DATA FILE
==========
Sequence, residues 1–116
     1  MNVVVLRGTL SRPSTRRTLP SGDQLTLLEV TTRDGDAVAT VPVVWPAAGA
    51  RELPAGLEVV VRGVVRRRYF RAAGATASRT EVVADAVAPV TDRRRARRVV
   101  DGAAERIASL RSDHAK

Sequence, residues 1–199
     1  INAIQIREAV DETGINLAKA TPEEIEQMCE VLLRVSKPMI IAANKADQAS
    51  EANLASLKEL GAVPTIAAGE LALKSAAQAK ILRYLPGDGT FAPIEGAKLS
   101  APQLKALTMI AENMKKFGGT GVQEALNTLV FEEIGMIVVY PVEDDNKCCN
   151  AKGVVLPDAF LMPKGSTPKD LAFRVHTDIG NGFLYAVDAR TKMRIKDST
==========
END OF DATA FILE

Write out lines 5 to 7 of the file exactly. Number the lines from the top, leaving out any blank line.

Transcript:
Sequence, residues 1–199
     1  INAIQIREAV DETGINLAKA TPEEIEQMCE VLLRVSKPMI IAANKADQAS
    51  EANLASLKEL GAVPTIAAGE LALKSAAQAK ILRYLPGDGT FAPIEGAKLS